result is another 'love match'. We know that both Mr. and Mrs. Wilkins are fortunate in their captures, and we wish them every happiness in
their partnership for life.
By the way, Mr. Wilkins plays badminton too! Provided this is a good omen for Mr. Broster, and not a bad one for Mr. Wilkins everything will
Our congratulations too to Miss Homma who is now Mrs. Attiyah. This of course means we have lost a member of staff, but 'one man's loss is
another man's gain'. We all hope Miss Homma will be very happy in her new 'situation' and that she will find keeping 'home' less arduous than
staff dining room.
It isn't often that a department gets one of its Old Boys return as a master, but in the case of the appointment of Mr. M. Brierley to the Sheet
Metal Work Department, just that has happened. I know it gives us all great pleasure to welcome the return of Mr. Brierley, but the greatest
pleasure must of course be Mr. de Boeck's because he can now feel happy in the fact that when the day does come for him to 'hang up his last
kettle', his life's work will be carried on by one of his own pupils.
Miss E. B. Bateman has joined Sister Farmer on the Sick Bay staff, and for the first time for a long while Sister will be able to sleep with both
eyes shut and not; feel she is on duty night and day with no break. Welcome Miss Bateman, and we trust you will be able to stay for a long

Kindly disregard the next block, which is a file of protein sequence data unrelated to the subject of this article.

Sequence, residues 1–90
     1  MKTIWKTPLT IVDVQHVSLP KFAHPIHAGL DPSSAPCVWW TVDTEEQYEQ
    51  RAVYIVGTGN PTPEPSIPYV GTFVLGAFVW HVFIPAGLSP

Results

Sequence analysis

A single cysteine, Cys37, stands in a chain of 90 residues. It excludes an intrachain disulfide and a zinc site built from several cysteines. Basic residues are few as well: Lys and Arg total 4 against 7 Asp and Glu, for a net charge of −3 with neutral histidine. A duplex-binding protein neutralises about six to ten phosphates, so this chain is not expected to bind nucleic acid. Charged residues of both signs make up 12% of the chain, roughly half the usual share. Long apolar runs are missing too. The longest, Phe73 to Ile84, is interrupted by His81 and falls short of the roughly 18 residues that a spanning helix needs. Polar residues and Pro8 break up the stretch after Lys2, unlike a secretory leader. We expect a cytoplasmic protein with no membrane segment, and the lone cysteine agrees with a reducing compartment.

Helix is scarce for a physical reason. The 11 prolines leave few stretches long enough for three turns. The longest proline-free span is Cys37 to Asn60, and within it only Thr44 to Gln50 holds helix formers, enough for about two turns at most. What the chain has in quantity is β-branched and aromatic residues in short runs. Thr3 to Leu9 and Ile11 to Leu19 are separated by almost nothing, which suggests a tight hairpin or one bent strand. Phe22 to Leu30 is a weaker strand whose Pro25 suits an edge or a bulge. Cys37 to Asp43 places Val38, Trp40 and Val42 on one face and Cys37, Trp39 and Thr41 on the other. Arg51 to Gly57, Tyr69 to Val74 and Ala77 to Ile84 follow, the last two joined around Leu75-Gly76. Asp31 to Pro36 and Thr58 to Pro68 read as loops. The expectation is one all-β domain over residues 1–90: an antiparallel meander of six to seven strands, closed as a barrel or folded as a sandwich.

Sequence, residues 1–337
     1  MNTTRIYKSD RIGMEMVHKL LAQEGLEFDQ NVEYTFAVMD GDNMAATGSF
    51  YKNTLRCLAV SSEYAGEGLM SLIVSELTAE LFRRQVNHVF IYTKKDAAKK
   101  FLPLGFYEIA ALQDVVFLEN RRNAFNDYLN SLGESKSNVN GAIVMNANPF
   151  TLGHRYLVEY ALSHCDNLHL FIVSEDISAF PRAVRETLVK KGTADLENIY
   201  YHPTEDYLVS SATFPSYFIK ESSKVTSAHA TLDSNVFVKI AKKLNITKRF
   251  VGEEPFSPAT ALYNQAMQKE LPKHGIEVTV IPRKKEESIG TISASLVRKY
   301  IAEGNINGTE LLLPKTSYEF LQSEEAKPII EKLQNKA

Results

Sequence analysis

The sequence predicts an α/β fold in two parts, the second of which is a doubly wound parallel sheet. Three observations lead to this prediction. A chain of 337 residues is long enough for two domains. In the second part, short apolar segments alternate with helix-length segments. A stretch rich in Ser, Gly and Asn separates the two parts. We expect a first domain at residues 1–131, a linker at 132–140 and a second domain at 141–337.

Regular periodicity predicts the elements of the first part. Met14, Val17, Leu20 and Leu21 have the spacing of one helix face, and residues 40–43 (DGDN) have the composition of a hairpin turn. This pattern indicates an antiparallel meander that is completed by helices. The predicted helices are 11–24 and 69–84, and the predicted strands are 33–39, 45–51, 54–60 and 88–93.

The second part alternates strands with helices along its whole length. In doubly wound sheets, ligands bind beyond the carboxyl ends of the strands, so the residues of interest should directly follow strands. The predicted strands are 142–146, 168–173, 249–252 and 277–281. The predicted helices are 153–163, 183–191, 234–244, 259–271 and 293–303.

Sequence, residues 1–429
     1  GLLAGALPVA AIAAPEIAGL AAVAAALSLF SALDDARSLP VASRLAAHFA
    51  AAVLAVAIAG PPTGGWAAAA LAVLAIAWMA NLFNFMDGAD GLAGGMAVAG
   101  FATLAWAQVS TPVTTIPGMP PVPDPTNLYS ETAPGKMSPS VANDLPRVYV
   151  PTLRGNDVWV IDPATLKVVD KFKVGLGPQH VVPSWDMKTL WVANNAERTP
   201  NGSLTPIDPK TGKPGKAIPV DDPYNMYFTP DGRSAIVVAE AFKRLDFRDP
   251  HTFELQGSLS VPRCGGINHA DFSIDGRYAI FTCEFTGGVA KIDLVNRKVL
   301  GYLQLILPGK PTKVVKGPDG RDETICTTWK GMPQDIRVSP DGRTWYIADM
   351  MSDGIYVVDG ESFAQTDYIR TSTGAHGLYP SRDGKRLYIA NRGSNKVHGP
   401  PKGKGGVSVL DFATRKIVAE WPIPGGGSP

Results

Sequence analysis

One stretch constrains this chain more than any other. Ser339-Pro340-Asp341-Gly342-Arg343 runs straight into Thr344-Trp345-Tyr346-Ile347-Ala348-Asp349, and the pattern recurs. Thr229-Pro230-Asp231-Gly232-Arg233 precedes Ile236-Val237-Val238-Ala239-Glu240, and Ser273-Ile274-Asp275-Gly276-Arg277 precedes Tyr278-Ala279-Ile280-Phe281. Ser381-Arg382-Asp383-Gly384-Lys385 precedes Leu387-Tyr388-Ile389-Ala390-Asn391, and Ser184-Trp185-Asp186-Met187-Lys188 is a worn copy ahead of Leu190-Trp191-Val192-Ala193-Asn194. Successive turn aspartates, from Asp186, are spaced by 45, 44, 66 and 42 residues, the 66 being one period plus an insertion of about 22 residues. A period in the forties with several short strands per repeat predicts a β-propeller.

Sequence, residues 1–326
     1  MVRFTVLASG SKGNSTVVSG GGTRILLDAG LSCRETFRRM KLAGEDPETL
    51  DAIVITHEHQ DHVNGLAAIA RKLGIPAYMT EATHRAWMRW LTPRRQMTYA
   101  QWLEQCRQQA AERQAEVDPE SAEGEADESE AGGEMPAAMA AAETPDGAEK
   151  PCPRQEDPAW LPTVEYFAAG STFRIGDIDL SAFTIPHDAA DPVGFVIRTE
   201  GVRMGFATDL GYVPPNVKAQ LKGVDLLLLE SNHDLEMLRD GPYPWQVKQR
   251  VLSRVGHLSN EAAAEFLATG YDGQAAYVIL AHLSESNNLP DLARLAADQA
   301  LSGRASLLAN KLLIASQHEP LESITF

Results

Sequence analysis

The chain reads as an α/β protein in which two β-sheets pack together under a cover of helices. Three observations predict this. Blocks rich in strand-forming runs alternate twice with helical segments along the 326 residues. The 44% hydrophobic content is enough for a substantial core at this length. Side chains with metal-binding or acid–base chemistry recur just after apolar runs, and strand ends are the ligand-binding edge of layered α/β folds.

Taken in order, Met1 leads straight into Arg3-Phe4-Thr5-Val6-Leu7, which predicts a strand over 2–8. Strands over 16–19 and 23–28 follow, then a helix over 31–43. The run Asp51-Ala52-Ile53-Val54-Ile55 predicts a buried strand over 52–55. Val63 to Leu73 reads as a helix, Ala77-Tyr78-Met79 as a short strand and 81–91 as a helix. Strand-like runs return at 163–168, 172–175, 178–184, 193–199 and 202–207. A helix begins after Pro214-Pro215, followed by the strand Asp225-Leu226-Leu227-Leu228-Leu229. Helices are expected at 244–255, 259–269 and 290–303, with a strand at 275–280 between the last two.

while. I don't think the language problem is unsurmountable! Most English schools insist on Scottish as a second 'must*.
Mr. and Mrs. Ludbrook have left us to take up an appointment as houseparents at Woodford Garden City. We are very sorry to lose these good
people, and trust they will find their new surroundings and conditions to their liking.
Mrs. Stevens, our 'first lady of the Kitchen' will have left us by the time you read these notes. This good lady has served us well for the last five
years, but has now decided to return to private life. As with all people who devote their time providing the necessities of life, Mrs. Stevens has
always remained in the background, working hard to help to keep our boys well-fed and nourished. Thank you Mrs. Stevens, good luck and
good health during your well-earned 'rest'.
WE GRATEFULLY acknowledge the gift of £10 from J. S. Laurence of Hoddesdon. This money has been used for the purchase of footballs
for the use of the boys.
This kind donor did not enclose any address, so we are unable to contact him or her direct, but trust our appreciation reaches the person
'LITTLE WIMBLEDON' PHOTOGRAPHS
OWING TO a misunderstanding I credited these photographs in the last edition of THE GOLDONIAN.to Mr. R. Ainsworth, when in fact
Mr. Frank Prior, a confederate of Mr. Ainsworth, was responsible. My apologies Mr. Prior!